FIG. 2 is a block diagram of an embodiment of a computing device shown in FIG. 1.

FIGS. 3A-3C comprise a flow diagram that illustrates an embodiment of a method for organizing images.

FIGS. 4A and 4B comprise a flow diagram that illustrates an embodiment of a method for analyzing images in the method of FIGS. 3A-3C.

FIG. 5 illustrates an embodiment of a file structure that can be used to organize images.

FIG. 6 illustrates an embodiment of a table that identifies the number of images taken on given days to facilitate image organization.

FIG. 7 is a flow diagram that illustrates an embodiment of a method for locating stored images.

DETAILED DESCRIPTION

As noted above, current methods for organizing images have attendant drawbacks. As is described in the present disclosure, however, such drawbacks can be avoided or reduced by automating the image organization process for the user. In particular, advantageous results can be obtained by automatically storing the images in date-based albums that comprise images downloaded on a given date, and furthermore automatically generating albums that comprise images that share common attributes. Once such attribute-based albums are created, the user can more easily locate desired images as well as view image slide shows that are better organized than simply by the date on which they were downloaded.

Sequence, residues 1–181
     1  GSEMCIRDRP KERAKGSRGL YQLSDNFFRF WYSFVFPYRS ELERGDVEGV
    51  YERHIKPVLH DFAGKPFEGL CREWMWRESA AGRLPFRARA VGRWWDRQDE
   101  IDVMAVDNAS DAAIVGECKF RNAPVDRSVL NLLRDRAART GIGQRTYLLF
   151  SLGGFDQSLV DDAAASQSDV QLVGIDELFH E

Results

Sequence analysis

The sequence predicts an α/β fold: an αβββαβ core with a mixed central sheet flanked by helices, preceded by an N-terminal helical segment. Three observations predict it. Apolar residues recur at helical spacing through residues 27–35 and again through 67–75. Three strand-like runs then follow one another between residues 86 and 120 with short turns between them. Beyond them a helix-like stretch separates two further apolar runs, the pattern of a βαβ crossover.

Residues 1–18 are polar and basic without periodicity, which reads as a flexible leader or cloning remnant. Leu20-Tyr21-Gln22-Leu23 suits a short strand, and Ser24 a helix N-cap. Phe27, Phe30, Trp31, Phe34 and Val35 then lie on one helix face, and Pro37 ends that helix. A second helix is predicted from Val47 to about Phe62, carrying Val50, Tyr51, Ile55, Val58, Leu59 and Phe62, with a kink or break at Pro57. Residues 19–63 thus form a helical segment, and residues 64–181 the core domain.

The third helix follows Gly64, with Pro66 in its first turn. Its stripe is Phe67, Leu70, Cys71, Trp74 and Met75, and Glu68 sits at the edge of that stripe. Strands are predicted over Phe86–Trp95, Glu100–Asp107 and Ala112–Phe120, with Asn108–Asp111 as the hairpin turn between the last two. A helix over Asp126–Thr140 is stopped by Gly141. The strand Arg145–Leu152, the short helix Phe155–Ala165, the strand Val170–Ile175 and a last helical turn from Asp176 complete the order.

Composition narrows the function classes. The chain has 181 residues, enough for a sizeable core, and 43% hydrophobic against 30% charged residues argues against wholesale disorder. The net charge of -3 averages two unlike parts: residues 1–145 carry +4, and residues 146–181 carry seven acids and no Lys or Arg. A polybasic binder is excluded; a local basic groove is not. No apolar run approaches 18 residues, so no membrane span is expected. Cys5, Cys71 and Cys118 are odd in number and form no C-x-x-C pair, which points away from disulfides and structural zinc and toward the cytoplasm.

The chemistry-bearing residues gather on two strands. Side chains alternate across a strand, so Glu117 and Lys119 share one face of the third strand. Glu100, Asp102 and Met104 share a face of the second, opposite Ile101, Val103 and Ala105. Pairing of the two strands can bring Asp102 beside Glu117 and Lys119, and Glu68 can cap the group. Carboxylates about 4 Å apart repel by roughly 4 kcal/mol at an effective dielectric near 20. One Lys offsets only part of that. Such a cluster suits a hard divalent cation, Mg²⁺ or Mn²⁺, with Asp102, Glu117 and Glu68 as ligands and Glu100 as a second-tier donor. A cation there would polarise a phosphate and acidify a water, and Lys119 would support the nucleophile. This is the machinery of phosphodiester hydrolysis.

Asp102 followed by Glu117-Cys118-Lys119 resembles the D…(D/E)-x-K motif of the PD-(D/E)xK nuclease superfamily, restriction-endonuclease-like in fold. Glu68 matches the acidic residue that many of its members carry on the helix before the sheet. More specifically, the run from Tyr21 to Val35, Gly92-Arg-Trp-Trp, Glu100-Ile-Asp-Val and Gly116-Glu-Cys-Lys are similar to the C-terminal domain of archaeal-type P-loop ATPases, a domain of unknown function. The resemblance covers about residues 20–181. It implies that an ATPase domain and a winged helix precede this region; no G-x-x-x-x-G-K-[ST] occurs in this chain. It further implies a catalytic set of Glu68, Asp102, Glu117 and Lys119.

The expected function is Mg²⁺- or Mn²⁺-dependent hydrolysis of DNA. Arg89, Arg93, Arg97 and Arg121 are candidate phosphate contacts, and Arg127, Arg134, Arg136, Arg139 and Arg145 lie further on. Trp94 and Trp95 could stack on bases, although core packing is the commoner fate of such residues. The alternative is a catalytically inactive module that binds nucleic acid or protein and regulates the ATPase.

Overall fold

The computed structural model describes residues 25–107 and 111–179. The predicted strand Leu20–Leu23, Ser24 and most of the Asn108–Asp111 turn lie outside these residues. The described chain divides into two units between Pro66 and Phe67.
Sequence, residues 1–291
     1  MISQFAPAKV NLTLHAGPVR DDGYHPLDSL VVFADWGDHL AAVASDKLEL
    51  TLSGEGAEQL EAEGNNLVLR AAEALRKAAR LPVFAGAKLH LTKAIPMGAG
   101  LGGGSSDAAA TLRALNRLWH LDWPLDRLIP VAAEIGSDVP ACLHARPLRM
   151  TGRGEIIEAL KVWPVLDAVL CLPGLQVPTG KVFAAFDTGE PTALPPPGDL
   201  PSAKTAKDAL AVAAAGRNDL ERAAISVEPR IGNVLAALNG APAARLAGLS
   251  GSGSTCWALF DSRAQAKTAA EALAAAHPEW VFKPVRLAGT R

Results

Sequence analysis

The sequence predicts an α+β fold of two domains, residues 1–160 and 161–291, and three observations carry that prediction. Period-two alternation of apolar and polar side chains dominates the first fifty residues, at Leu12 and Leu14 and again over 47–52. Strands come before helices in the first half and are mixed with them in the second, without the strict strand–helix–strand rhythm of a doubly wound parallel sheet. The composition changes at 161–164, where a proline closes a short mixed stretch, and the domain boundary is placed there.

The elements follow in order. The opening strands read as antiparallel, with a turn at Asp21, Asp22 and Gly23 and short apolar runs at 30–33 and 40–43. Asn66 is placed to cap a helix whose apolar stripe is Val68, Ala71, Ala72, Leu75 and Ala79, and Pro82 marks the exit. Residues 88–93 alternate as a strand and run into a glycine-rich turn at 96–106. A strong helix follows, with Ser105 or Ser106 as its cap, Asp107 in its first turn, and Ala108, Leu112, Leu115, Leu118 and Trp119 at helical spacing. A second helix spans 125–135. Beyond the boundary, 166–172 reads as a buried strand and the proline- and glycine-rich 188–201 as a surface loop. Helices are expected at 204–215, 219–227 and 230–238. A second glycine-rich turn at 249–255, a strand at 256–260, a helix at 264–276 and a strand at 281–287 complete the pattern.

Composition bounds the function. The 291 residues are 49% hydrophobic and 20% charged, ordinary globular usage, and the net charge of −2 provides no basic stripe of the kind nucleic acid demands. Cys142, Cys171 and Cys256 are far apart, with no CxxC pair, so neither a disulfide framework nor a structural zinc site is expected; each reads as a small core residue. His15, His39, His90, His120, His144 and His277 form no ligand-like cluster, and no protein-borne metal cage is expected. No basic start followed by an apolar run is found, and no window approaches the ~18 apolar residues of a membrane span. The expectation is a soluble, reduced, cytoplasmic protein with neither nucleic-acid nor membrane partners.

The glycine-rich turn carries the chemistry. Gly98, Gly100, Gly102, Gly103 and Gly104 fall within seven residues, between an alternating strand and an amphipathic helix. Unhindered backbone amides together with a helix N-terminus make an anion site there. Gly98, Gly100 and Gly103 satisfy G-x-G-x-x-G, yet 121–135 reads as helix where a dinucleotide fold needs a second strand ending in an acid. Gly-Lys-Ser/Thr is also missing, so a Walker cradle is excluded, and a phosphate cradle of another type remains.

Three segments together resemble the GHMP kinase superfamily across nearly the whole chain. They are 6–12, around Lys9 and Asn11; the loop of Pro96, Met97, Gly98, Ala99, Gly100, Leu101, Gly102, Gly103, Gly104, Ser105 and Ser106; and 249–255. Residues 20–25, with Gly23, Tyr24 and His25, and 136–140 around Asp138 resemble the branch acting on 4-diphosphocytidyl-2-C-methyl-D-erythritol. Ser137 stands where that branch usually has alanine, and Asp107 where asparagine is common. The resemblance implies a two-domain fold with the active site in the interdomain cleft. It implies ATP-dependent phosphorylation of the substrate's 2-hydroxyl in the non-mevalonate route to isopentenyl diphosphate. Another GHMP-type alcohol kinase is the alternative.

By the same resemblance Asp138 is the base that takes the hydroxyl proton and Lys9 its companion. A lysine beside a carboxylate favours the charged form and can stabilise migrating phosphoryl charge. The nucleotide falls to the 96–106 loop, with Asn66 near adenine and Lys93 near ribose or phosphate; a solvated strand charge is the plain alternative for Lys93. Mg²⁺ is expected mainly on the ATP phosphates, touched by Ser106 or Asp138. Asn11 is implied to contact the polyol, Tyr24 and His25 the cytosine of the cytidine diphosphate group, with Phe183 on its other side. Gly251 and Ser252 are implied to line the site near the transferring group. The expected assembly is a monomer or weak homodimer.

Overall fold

Disclosed herein are embodiments of systems and methods that facilitate images organization. Although particular embodiments are disclosed, these embodiments are provided for purposes of example only to facilitate description of the disclosed systems and methods. Accordingly, other embodiments are possible.

Referring now to the drawings, in which like numerals indicate corresponding parts throughout the several views, FIG. 1 illustrates a system 100 that is configured to download and organize images. As indicated in this figure, the example system 100 comprises one or more image capture devices 102 that are used to capture an image 104 that is either an actual, real time scene or an existing hardcopy photograph. The nature of the image capture device 102 used depends upon the image capture situation. By way of example, the image capture devices 102 comprise one or more of a digital camera 106 and a scanner 108. Although these particular image capture devices are illustrated in FIG. 1 and are specifically identified herein, substantially any image capture device may be used to obtain digital images that can be organized by the system 100. Moreover, although it is presumed that the user captured the images, images may be obtained through other means such as, for instance, download from the Internet.